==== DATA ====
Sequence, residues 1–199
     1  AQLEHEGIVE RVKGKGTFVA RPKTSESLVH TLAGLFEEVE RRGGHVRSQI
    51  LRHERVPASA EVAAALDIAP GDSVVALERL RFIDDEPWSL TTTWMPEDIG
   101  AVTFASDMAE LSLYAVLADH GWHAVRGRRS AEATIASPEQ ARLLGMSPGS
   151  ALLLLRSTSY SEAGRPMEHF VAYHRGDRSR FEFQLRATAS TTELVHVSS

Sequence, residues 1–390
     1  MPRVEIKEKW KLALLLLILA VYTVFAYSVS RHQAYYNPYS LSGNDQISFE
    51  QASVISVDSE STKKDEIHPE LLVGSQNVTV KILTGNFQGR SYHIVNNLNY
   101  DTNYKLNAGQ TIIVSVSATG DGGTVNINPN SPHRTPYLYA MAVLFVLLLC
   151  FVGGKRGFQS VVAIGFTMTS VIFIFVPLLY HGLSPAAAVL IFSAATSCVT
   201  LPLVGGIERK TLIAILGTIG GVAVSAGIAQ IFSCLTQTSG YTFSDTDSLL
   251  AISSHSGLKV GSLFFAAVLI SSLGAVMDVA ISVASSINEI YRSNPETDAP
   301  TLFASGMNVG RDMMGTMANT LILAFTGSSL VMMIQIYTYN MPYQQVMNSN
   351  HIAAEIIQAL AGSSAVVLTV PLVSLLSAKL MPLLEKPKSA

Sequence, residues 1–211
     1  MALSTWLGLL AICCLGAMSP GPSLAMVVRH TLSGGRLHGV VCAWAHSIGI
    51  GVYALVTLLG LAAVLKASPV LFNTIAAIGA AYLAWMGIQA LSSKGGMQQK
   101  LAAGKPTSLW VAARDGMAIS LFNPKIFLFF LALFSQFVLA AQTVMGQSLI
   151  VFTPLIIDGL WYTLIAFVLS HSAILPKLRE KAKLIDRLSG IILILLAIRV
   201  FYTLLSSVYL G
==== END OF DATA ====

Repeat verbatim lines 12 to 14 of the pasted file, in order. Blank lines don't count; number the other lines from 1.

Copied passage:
   251  AISSHSGLKV GSLFFAAVLI SSLGAVMDVA ISVASSINEI YRSNPETDAP
   301  TLFASGMNVG RDMMGTMANT LILAFTGSSL VMMIQIYTYN MPYQQVMNSN
   351  HIAAEIIQAL AGSSAVVLTV PLVSLLSAKL MPLLEKPKSA